- It was a model concentration camp and was spruced up to fool the Red Cross.
- It was considered by many to be a ghetto rather than a camp.
- It arranged football matches.
- It had an orchestra. (But so did Auschwitz!)
- It housed many creative practitioners and much art work and music came out of it.
- It wasn’t essentially a death camp
Friday, 25 October 2013
When I wrote The House on Schellberg Street I did quite a lot of research about Theriesenstadt. Some details stand out:
I’ve now had to revisit some of the research and there are a few less savoury details emerging.
· It also provided “striped pyjamas”.
· Inmates slept in crowded conditions just like in other concentration camps.
· Heads were shaved.
· It was a transit camp – many, such as Clara, were held there for a short while before being transported again to the death camps.
· A gas chamber was installed there towards the end of World War II.
And then we have Clara in the middle of it all, not really knowing what to make of it.
Clara for me has become very much a vehicle for asking how and why.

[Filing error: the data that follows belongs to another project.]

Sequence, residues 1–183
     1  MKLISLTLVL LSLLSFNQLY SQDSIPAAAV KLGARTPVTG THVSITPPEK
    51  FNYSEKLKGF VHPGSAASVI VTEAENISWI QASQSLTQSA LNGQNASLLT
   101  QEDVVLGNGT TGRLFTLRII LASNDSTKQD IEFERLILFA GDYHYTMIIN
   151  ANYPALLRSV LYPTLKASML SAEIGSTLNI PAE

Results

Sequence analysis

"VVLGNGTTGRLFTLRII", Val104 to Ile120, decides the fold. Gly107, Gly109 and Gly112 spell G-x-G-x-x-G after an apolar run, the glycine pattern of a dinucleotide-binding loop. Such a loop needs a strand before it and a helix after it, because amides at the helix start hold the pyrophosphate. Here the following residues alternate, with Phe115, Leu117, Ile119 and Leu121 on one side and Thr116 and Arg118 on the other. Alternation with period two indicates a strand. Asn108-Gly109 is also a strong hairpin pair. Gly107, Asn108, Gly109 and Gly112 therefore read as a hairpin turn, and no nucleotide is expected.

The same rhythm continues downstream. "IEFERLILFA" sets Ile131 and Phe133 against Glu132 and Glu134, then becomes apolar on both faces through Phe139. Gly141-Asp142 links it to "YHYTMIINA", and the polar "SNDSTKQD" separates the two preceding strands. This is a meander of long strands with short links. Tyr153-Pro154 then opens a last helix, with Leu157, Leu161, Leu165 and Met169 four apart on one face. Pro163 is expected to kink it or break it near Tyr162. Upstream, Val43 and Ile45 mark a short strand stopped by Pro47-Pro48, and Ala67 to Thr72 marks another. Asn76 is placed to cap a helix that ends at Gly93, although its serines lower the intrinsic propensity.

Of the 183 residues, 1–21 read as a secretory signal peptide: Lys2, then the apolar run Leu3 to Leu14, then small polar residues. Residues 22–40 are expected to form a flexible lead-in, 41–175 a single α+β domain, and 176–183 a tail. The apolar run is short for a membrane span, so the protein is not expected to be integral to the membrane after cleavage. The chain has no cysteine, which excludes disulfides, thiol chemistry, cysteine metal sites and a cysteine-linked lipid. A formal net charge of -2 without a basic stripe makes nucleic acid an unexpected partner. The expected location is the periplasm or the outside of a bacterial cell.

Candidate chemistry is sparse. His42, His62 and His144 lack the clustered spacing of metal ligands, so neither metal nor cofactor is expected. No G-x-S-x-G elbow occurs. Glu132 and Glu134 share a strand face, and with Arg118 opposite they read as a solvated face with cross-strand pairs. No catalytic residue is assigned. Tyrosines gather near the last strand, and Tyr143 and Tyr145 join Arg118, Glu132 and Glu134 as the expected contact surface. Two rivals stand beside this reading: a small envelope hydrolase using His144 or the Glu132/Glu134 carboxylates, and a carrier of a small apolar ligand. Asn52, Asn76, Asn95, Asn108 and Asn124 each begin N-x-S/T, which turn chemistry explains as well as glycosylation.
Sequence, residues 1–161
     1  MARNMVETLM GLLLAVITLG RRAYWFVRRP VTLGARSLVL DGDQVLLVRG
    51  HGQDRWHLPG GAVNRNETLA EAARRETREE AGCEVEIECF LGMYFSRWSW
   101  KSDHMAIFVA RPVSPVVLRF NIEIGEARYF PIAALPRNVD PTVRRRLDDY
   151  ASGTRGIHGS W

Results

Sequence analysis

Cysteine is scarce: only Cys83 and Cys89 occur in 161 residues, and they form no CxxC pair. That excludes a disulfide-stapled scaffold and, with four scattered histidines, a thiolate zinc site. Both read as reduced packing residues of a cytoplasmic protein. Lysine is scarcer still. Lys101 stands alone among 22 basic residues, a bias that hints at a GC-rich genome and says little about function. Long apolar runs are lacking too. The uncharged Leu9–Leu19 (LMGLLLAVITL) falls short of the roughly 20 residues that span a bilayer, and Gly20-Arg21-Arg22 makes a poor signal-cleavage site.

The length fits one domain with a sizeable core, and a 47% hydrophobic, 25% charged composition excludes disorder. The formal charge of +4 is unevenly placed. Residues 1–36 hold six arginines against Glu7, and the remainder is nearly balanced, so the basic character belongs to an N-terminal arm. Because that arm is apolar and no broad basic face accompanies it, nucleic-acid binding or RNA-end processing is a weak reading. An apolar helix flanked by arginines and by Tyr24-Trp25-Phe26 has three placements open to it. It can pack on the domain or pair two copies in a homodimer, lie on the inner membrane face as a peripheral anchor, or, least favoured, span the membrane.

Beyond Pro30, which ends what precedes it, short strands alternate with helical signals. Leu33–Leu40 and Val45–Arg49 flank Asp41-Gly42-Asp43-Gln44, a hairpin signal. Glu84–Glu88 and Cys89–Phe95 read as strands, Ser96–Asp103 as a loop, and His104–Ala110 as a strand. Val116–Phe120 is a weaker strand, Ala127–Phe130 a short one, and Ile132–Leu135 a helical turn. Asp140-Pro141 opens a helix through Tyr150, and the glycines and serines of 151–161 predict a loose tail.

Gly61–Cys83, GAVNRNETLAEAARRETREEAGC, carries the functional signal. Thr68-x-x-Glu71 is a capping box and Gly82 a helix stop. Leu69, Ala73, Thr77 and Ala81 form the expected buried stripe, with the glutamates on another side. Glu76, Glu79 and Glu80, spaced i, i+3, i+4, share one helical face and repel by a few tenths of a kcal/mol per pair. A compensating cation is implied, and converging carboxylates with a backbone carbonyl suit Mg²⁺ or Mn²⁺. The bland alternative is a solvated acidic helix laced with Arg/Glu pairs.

Already as I write these rather demanding scenes I’ve had her and a companion resist escaping when they have a chance as they are transported. They have no money and they are in a foreign country where they don’t speak the language, at a time when they don’t know exactly how terrible the place is that they’re going to.
Later she asks herself why they don’t try to overcome the guards. There are so many more of them than there are guards. Then she looks into the cold blue eyes of one of the soldiers and realises that at any given moment it is only one guard and one Jew; the guard is the stronger.
I have, I believe, just three more chapters to write to get to the end of the story, though I may also slot two extra earlier ones in.